Not only has the pandemic affected their physical exercises, but also their mental health. Players have had to change their routines and it hasn’t been easy. Ahmad gives us an insight into what that’s been like for players like Adnan. “He’s disappointed with the situation because he was playing in the Danish league and was performing very well but the pandemic affected him and became mentally upset, but slowly we communicated and spoke with him, we all spoke with him and encouraged him. Now for 2-3 months he’s been practicing daily, we hope for the best in the future.” Good communication between player and coach is key to making sure that the players are healthy both mentally and physically and that’s what Ahmad and the others have been making sure with their players.
This year has been tough because Ahmad says that they aren’t able to achieve what they want to achieve, and all of their plans haven’t gone the way they wanted. For Ahmad especially, there’s a huge challenge here in Bahrain as he wants to tackle and that’s the lifestyle of the junior players. “In the Arab countries, they are not used to the tough training. If you give them difficult tasks, they get upset. I’m trying to adapt and help them change this. Some players are okay, some players are harder. But I’m trying.” he says. Dr. Sawsan agrees with Ahmad’s viewpoint of the difficulty in tackling the change in lifestyle and adds “Families here concentrate their children to study hard. When it comes to sport, they only time it for 1-2 hours a day. They don’t have that awareness that fitness is important.” She mentions that because of this, awareness of the importance of sport and involvement of parents has become one of their main goals too.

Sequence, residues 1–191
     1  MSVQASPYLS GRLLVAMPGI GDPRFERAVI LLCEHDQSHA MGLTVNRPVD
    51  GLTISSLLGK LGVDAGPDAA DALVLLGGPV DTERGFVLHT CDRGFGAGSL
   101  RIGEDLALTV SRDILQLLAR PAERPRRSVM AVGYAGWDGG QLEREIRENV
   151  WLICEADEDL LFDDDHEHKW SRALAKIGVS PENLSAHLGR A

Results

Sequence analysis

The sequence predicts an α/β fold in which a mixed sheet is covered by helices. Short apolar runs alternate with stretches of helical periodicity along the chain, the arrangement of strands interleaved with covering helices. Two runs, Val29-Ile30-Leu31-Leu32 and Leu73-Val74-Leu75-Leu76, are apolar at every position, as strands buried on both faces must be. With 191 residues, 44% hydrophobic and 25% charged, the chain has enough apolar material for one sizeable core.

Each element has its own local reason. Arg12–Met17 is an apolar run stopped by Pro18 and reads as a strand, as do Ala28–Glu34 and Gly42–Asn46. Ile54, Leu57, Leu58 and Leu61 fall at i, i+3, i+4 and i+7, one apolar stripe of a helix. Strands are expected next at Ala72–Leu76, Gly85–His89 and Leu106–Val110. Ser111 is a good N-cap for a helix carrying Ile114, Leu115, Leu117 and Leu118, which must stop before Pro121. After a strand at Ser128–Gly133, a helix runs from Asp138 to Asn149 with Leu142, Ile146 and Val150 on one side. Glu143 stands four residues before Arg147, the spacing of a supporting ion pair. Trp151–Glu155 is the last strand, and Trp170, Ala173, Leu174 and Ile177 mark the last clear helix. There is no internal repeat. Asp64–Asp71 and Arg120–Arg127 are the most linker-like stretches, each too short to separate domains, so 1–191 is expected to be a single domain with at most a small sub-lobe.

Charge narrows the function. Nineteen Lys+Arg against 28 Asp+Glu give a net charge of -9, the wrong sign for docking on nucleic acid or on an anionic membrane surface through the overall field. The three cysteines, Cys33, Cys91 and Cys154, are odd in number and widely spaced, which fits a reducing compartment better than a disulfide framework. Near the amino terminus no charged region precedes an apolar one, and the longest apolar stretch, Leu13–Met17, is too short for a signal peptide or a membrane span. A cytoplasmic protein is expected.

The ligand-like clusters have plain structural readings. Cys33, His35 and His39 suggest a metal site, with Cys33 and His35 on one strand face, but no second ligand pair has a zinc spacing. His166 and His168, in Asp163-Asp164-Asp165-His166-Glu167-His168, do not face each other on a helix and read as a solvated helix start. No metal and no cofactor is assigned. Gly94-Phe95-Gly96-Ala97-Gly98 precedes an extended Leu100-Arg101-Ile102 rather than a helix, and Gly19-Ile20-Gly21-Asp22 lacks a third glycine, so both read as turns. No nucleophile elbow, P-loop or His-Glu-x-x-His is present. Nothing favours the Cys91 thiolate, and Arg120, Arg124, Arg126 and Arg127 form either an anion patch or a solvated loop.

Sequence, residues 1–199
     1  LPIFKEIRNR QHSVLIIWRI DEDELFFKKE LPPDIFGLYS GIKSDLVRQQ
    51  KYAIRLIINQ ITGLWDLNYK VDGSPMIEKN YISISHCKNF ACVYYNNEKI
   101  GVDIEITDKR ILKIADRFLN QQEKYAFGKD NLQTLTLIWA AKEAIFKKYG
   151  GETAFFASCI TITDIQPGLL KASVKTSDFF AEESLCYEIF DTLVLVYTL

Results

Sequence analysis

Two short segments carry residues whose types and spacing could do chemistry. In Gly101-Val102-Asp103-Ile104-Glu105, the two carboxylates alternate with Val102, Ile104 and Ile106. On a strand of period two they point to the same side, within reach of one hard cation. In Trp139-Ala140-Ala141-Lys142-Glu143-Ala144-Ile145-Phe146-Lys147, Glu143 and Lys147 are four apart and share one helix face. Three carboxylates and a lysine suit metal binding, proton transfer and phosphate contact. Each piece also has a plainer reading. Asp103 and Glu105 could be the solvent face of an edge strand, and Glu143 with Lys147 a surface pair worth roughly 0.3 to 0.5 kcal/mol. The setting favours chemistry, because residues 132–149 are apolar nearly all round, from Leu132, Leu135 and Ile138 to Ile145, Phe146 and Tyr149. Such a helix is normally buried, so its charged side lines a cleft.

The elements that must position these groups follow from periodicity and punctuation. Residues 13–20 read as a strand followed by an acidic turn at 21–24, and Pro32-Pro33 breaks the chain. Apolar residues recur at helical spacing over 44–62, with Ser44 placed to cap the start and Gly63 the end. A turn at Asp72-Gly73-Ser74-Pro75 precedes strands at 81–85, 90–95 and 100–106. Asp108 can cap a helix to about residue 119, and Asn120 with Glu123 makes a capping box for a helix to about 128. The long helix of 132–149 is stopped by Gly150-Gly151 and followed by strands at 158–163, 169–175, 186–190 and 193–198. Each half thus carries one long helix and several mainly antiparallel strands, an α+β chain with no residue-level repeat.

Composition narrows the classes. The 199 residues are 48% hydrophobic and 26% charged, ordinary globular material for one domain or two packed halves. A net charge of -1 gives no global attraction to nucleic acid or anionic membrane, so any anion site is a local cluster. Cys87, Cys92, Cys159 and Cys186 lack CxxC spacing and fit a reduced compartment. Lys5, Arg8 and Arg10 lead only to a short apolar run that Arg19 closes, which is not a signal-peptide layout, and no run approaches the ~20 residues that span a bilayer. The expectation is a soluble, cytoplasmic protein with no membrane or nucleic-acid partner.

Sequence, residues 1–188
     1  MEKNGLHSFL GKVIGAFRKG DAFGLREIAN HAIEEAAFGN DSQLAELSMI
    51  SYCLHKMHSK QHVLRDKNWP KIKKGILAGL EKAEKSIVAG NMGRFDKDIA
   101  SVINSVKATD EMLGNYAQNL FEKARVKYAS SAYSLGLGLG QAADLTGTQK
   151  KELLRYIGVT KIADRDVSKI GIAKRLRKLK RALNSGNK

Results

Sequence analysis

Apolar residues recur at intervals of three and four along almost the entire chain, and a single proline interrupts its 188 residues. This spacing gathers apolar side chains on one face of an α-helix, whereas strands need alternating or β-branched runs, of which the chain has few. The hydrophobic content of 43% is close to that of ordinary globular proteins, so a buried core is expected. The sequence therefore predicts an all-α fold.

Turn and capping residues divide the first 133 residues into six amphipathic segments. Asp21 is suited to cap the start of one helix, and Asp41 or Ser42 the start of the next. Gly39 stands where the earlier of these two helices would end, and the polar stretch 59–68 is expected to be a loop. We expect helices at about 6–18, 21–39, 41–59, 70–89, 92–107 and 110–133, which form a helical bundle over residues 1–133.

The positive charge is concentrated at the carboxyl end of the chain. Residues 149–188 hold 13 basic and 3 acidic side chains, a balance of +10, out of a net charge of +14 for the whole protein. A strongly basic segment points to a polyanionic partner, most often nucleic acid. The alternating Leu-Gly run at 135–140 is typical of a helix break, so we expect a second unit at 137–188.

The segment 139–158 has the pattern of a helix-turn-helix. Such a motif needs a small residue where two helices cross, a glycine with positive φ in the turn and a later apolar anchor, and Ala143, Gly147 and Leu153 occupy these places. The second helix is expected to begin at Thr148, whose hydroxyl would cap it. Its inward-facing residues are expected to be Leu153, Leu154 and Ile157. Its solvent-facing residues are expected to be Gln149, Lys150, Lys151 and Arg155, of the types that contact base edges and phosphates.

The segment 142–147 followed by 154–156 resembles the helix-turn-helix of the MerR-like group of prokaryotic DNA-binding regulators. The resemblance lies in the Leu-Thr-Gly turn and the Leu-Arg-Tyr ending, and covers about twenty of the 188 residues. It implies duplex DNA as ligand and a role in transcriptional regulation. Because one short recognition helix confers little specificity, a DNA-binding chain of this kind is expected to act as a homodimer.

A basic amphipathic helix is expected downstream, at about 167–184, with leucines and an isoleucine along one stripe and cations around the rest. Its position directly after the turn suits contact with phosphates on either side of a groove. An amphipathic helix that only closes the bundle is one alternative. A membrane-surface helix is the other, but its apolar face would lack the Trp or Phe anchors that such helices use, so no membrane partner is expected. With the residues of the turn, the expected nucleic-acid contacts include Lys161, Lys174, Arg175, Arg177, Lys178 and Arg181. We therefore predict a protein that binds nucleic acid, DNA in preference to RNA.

But just because the year hasn’t gone the way they wanted doesn’t mean it was a waste. Ahmad has been involved in a very important project last month with Bahrain TV where they had badminton being played on tv. It is a class where people can participate from 18 sessions. Each session has different topics: footwork, forehand, backhand, about Shuttle Time etc. This is the first time it has happened and these videos can be published on social media as well.
Paving the Road to the Olympics
Innovative programs are used as ways to engage more with the public in order to increase awareness of the sport, which is a long term goal for the federation. To conclude, we asked the 3 of them what their short and long term goals are for the federation and for the sport in general. One of their main goals was the development of young players so that they can achieve great things in the Olympics, hopefully after a few years. “Like Adnan, he is a part of this project, and hopefully he can participate in Tokyo 2021 if all goes well.” said Dr. Sawsan. “Imagine having players start playing at 11/12 when they’re very young and playing hard. Hopefully in the future we’ll have more players.” Hesham adds. Having a player like Adnan is fantastic, but in order to succeed in the future, a team must be built. “I want to build a team and enhance the players to be in a good condition, a good level, and to be able to compete in international levels and achieve titles in Arab and international championships.” Ahmad tells us.
The foundations must be built in order for the sport to grow. According to Dr. Sawsan, they recently signed a contract with the University of Bahrain with the department of Sports, to teach the Shuttle Time program in universities. With this, they hope that it will increase the participation in badminton, especially with students with a background in badminton and sports, to continue their mission to develop badminton in the region. Hesham also hopes that Bahrain becomes the center of badminton in West Asia. “We are the first to play badminton in the region, when I was #1 in Bahrain, I wanted to play in the Arab regions, but there was nobody there (to compete with)”. Bahrain badminton has been around for quite some time, and it’s in their hopes and dreams that Bahrain becomes a center for the continuous growth of badminton within and outside of the region.